The Federal Government of Nigeria has signed a $120 million approval to complete the construction of the Kashimbila Multipurpose Dam in Taraba State. The dam is intended to generate electricity, provide water for population supply and irrigation.
The Kashimbila hydroelectric project in Taraba State in eastern Nigeria is progressing. The government of this West African country has just approved $120 million in funding to complete the construction of this multi-purpose dam.
According to African Review’s Sule Mamman, Nigeria’s Minister of Energy has issued a note “revising the total estimated cost of increasing the existing contract to provide an additional 40 MW to the national grid”. The Kashimbila Dam is intended for power generation, drinking water supply and irrigation in Taraba State.
A major multi-purpose dam
In September 2019, the Federal Government of Nigeria reported that work on the Kashimbila hydroelectric project site was 90% complete. However, several months later, construction of the dam is still not complete, although it is still eagerly awaited as it is expected to solve many problems in Taraba State.
The dam is expected to generate 40 MW of electricity and provide water to 40,000 people. Water from the Kashimbila multi-purpose dam will also feed irrigation systems in Taraba State. According to Nigeria’s central government, the new facility could irrigate 3,000 hectares of plantations, especially during the dry season. This is good news in a region with very fertile land, as it is located close to Cameroon’s 1,400 km long belt of active volcanoes.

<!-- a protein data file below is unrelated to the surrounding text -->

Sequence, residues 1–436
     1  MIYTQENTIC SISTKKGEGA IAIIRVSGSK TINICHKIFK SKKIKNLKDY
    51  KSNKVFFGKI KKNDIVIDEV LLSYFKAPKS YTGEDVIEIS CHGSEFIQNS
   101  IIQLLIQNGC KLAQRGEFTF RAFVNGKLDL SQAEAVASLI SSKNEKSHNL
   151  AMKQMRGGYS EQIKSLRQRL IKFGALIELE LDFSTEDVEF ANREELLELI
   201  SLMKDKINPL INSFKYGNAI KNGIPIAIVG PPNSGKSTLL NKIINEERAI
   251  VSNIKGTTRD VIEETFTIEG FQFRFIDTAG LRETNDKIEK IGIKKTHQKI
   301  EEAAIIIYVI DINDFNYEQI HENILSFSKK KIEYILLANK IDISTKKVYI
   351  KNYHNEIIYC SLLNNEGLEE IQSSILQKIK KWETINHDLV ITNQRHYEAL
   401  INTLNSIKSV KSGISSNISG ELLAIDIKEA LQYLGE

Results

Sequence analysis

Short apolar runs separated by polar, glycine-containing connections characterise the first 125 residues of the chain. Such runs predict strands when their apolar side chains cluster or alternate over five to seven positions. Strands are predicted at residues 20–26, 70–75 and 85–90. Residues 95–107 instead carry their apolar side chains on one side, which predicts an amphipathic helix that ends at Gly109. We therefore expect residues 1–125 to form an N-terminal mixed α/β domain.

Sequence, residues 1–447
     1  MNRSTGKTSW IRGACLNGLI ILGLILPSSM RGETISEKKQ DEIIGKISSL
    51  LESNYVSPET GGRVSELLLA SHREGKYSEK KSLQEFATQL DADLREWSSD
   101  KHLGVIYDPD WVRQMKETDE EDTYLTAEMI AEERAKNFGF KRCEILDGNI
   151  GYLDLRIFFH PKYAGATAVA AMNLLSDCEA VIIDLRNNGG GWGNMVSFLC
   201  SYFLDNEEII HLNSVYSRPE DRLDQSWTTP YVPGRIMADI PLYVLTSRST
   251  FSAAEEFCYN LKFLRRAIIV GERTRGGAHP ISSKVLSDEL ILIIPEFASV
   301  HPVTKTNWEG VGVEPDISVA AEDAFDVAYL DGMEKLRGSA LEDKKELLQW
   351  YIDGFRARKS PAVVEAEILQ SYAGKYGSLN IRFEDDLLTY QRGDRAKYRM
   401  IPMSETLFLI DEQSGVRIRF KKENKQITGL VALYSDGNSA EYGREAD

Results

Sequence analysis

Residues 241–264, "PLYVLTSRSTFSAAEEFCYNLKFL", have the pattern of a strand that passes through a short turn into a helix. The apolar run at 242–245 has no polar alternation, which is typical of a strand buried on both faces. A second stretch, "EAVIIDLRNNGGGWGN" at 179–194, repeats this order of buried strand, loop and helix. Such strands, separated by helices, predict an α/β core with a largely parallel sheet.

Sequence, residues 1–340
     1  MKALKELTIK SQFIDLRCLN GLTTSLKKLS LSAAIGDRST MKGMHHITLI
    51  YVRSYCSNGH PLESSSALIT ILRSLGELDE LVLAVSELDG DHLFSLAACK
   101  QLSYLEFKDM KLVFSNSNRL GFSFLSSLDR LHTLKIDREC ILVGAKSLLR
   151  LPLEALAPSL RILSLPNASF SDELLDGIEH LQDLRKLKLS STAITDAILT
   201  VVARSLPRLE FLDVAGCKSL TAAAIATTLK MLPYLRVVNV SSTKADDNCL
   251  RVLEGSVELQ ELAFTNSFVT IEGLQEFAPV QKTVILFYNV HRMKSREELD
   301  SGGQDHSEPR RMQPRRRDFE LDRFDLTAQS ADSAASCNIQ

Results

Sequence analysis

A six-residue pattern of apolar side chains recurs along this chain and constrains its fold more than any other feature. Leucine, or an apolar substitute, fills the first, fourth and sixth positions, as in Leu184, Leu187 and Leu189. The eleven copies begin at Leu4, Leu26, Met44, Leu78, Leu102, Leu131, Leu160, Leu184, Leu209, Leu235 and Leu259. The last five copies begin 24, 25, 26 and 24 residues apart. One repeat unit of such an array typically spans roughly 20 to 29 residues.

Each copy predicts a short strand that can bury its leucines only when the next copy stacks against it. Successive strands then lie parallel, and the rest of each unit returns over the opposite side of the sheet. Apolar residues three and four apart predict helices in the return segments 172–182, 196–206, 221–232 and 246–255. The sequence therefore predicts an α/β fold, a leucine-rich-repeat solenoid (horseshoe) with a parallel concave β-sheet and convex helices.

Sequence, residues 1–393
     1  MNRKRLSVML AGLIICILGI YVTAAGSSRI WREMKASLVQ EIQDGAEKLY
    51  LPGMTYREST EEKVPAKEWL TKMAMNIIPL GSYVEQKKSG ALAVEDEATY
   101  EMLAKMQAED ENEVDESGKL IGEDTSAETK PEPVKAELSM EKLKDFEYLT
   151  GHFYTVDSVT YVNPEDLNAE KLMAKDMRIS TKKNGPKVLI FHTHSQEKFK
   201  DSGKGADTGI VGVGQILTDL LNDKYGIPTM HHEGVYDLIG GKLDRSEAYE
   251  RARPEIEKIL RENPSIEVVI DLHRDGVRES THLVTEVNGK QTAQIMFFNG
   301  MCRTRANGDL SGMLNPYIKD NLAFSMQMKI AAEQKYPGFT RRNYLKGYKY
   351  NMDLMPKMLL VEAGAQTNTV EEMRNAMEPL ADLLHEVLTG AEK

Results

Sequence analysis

A crater lake called Nyos has formed near Mount Oku in the northwestern region of Cameroon. East of Nigeria and throughout the far west of Cameroon, rainfall is very abundant during the rainy season. During this period of the year, Lake Nyos overflows and its waters run down the mountainsides causing the Katsina-Ala River to flood, on which the Kashimbila multi-purpose dam is built.
The Nigerian authorities estimate that the dam will regulate the flow of the river, thus preventing flooding that threatens 6 million people, mainly living in Taraba, Benue, Cross River, Kogi and Delta States. Many people have been killed in the past by this natural disaster in Eastern Nigeria.
Jean Marie Takouleu